How to Teach Speak and Shhhh

Uncontrolled barking is one of the most irritating habits a dog can have.Although it seems counterintuitive to teach him to bark on command, it can actually make it easier to stop him when you want to. And, practiced regularly, it encourages your dog to refer to you before he starts barking—even if it’s only to see if a treat might be forthcoming.


Teach your pet to bark on command—and, once he’s mastered that, to stop
barking on request, too.To begin the exercise, you need a context where you know your dog will bark. Try not to speak other than to add the verbal cue at the right moment and to praise your dog when he gets it right. Use a clicker, if possible; it will help with the precision timing you need.


  1. Ask a helper to ring the doorbell. At the precise instant your dog starts barking, click the clicker and give him a treat. He’ll stop barking in order to eat the treat.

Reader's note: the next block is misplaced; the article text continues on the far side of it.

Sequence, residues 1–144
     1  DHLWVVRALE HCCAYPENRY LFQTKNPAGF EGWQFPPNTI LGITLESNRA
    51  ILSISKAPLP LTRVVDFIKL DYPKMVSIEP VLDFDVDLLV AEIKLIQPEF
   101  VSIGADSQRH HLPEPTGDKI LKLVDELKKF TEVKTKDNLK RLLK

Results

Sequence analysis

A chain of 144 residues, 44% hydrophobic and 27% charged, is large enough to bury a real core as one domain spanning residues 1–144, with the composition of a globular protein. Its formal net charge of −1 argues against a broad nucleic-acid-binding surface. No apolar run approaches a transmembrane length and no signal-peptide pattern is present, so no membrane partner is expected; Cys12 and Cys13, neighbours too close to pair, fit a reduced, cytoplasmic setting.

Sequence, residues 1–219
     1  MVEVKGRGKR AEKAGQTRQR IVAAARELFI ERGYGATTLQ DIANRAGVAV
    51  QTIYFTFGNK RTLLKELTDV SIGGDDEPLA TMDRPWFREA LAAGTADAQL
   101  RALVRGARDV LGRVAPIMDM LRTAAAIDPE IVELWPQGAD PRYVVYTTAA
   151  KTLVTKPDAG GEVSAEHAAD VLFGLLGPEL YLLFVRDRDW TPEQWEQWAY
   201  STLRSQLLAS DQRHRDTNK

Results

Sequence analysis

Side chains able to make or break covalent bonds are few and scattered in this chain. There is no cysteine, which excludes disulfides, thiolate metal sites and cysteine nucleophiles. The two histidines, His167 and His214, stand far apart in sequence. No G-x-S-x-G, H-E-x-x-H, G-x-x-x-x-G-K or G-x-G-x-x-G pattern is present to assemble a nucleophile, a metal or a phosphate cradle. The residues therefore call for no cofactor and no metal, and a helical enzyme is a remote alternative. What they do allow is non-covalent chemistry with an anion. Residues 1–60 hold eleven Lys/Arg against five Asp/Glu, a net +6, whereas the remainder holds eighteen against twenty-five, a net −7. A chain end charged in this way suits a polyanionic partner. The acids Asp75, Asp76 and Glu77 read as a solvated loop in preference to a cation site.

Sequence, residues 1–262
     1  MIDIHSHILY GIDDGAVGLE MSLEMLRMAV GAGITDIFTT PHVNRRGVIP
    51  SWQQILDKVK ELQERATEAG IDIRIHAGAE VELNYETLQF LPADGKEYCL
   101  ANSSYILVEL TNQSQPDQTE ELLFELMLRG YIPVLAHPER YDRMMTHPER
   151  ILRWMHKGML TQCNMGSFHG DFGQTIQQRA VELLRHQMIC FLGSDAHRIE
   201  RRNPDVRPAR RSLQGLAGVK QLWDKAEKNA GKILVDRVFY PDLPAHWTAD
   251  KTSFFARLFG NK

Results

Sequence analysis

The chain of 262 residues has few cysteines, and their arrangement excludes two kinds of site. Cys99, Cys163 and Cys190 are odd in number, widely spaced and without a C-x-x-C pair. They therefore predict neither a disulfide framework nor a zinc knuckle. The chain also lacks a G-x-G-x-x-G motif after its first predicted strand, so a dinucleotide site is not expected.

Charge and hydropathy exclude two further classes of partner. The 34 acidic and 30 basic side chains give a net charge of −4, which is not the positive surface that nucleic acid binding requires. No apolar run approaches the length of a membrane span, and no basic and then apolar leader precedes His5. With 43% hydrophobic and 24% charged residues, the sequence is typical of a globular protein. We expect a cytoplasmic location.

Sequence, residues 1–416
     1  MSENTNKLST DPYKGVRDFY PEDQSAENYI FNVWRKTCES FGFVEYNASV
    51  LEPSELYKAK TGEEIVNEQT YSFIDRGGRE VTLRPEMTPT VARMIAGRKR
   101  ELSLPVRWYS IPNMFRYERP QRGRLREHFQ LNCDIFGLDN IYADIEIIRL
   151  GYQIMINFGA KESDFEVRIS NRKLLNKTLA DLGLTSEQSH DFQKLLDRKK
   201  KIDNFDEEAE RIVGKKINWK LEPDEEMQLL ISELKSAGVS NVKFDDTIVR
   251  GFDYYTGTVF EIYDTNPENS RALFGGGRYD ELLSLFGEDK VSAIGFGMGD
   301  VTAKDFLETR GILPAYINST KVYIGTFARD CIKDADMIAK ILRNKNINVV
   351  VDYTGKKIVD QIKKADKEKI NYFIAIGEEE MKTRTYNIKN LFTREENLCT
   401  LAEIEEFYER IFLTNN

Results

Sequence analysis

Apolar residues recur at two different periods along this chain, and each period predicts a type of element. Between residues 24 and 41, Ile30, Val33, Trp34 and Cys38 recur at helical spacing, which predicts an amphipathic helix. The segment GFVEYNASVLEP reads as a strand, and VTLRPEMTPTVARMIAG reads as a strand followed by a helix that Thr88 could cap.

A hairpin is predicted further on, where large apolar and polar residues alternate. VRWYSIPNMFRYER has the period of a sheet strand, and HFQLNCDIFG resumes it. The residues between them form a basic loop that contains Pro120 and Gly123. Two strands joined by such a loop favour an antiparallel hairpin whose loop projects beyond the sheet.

2. Repeat several times—if your dog starts to look for the treat and forgets to bark, don’t treat him; wait until he barks. Try to get a sequence going: bell, bark, click, treat.
  3. After a short break, repeat the exercise, but this time, add a verbal cue—”Speak”—as he starts to bark, so the sequence is bell, bark, “Speak” (said just as you click), treat.
  4. Practice this for a few days until your dog is used to the sequence and has got the idea that it’s the barking that results in the click, the cue, and then the treat.
  5. Now practice moving the exercise away from the front door, using only the verbal cue. You can do this in stages, beginning at the front door with the doorbell, then trying just the verbal cue without the doorbell or the helper.

When your pet is barking to the “Speak” command, you can teach him “Shhh” to
stop barking.

That barking and stopping barking can be exercises performed for rewards. It may also teach him to be more selective about when he barks—and make it
slightly easier to stop him—but don’t expect this to apply at especially exciting

Practicing a start/stop exercise can help to break the pattern of annoyance
barking—and it’s a neat trick for your pet’s repertoire.


I'm a professional dog trainer who is sharing my journey as I transition to positive reinforcement based dog training methods.

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